|Issue 4||Friday September 5, 1997|
displayed at Bruce
SOUTHAMPTON -- Many young boys grow up in rural Ontario skating on local ponds, playing hockey at the arena and dreaming one day of making it to the NHL. Some of those boys from this area did grow up to have their dreams come true. Those boys and their dreams are now on display at the Bruce County Museum in Southhampton.
Hockey Dreams celebrates the talents of hockey players from Bruce County and Owen Sound. It also looks at the history the sport in this area. Many of the displays are divided by town and include hockey sweaters, posters, programs, and equipment. Since the display opened at the end of June hundreds of local families have already gone through. The display will be open until December 1.
As well as showing local talent and history, the museum was able to borrow some items from the Hockey Hall of Fame in Toronto. Visitors can take a look at old hockey skates and read about some of the great moments in Canadian hockey. One wall of the display has prints from famous hockey artist Ken Danby. In the middle of the exhibit stands an old Zamboni ice machine.
Many great hockey players came from this area. Visitors to the museum will see items from Paul Henderson, from Kincardine, who scored the winning goal in the World Cup Russia-Canada series in 1972. Also on display is information about Paul McDermid, a former NHL player from Chesley; Doug Brindley, from Walkerton, who played in the World Hockey league and was in the movie Slapshot with Paul Newman; and Louie Debrusk, who plays for the Edmonton Boilers and is from Port Elgin.
It isn't just the ones who made it to the big time that are on display. There are hundreds of photos, clippings and banners from local minor hockey teams. The display took months to organize and was paid for by many businesses and organizations in the area. Volunteers worked on putting all the pieces together.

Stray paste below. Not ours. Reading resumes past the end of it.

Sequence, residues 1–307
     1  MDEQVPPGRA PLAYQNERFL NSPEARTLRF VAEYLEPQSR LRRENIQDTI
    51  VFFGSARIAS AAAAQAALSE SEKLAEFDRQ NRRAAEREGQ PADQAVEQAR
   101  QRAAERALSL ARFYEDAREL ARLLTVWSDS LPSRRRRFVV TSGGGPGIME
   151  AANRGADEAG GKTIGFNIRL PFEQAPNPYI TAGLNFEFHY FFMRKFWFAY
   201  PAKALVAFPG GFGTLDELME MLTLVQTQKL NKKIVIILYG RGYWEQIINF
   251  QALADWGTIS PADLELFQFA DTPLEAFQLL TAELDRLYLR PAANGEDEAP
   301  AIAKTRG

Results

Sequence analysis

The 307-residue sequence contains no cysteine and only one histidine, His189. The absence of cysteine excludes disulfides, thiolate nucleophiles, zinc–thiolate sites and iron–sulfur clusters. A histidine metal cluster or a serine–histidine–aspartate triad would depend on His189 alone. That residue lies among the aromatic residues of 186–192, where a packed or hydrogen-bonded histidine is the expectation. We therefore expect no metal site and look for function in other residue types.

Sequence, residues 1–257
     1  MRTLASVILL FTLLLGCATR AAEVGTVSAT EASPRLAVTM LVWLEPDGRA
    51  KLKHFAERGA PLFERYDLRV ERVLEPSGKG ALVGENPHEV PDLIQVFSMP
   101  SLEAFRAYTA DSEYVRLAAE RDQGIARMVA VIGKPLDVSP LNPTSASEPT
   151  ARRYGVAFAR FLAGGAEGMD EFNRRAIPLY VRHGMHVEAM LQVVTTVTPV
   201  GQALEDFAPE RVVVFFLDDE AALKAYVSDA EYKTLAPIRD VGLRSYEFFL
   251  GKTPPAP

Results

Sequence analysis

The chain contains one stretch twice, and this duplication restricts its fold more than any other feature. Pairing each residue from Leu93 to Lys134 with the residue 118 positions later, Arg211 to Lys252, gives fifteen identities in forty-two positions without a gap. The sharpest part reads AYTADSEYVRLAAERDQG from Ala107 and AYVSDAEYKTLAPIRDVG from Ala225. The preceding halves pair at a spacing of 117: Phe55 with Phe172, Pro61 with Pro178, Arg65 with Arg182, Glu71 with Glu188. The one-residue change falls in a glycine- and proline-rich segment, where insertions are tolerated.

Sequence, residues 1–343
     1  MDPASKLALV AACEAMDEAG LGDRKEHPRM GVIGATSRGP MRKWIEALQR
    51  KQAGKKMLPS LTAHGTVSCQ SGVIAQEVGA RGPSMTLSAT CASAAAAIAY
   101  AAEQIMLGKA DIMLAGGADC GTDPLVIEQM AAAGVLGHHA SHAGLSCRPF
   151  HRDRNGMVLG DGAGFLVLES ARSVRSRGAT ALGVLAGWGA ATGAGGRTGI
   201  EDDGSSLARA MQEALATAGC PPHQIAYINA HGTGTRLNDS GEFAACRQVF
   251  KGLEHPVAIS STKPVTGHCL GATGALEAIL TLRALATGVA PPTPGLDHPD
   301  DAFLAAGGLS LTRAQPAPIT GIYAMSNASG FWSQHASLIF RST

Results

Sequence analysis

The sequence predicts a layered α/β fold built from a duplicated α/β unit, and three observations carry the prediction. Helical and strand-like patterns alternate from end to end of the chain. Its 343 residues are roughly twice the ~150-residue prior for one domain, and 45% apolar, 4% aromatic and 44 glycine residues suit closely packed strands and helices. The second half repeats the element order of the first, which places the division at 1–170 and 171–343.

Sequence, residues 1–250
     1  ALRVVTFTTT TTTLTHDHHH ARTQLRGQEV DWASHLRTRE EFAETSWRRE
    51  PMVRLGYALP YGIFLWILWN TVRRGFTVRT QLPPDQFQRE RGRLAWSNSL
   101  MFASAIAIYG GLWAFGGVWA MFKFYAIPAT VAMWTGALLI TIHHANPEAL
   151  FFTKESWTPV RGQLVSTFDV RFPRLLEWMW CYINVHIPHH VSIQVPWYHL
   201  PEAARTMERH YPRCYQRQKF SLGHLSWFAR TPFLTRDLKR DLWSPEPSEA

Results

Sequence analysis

The idea for the display came from Barbara Ribey, the museum's director. She said she realized how important hockey was in the area and that it had a rich history.
The museum is open from 10 a.m. to 5 p.m. Monday to Saturday and from 1 p.m. to 5 p.m. on Sundays. It costs $5 for adults, $4 for seniors, $3 for students and $12 for a family pass. Children under 5 are free.
Restaurant rated one of best in Canada
SOUTHAMPTON -- If you enjoy unique food Grosvenor's Restaurant in Southampton may be the place to eat. It was named as one of the 10 best places to eat in Canada by the "Where to Eat in Canada" guide. This is a national booklet that rates restaurants across the country.
You know right away that this will be a different dining experience just by reading the menu. A variety of items are mixed in with local names and places to produce such meals as
McTeer's Homegrown Wild Mushroom Bread Pudding and Farrow's B.C. Hot Pot of Rabbit. Other meals found on the menu include homemade pasta, gourmet pizza, salmon, trout and Wild Boar Stew. There is also a delicious sounding list of appetizers and desserts.
The restaurant is located in an old train station on the west side of Southampton. It advertises itself as casual fine dining. Meals range in price from $13 up to about $21. The chef promises to use local vegetables, meat and fish whenever possible.
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